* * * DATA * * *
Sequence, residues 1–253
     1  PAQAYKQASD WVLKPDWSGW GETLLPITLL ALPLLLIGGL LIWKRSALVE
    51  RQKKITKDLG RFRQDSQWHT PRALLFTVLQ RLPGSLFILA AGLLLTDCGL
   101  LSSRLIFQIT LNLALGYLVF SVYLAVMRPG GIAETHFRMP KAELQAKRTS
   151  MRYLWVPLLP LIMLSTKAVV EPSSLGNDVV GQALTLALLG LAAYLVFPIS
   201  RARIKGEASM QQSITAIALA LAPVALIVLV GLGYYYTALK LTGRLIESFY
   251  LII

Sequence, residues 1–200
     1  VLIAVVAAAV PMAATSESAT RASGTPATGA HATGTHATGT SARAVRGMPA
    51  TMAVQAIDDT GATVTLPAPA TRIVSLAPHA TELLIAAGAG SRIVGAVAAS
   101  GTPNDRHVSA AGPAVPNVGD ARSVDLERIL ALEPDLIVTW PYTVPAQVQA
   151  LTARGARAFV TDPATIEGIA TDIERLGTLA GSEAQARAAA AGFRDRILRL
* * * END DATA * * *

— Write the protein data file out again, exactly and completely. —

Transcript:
Sequence, residues 1–253
     1  PAQAYKQASD WVLKPDWSGW GETLLPITLL ALPLLLIGGL LIWKRSALVE
    51  RQKKITKDLG RFRQDSQWHT PRALLFTVLQ RLPGSLFILA AGLLLTDCGL
   101  LSSRLIFQIT LNLALGYLVF SVYLAVMRPG GIAETHFRMP KAELQAKRTS
   151  MRYLWVPLLP LIMLSTKAVV EPSSLGNDVV GQALTLALLG LAAYLVFPIS
   201  RARIKGEASM QQSITAIALA LAPVALIVLV GLGYYYTALK LTGRLIESFY
   251  LII

Sequence, residues 1–200
     1  VLIAVVAAAV PMAATSESAT RASGTPATGA HATGTHATGT SARAVRGMPA
    51  TMAVQAIDDT GATVTLPAPA TRIVSLAPHA TELLIAAGAG SRIVGAVAAS
   101  GTPNDRHVSA AGPAVPNVGD ARSVDLERIL ALEPDLIVTW PYTVPAQVQA
   151  LTARGARAFV TDPATIEGIA TDIERLGTLA GSEAQARAAA AGFRDRILRL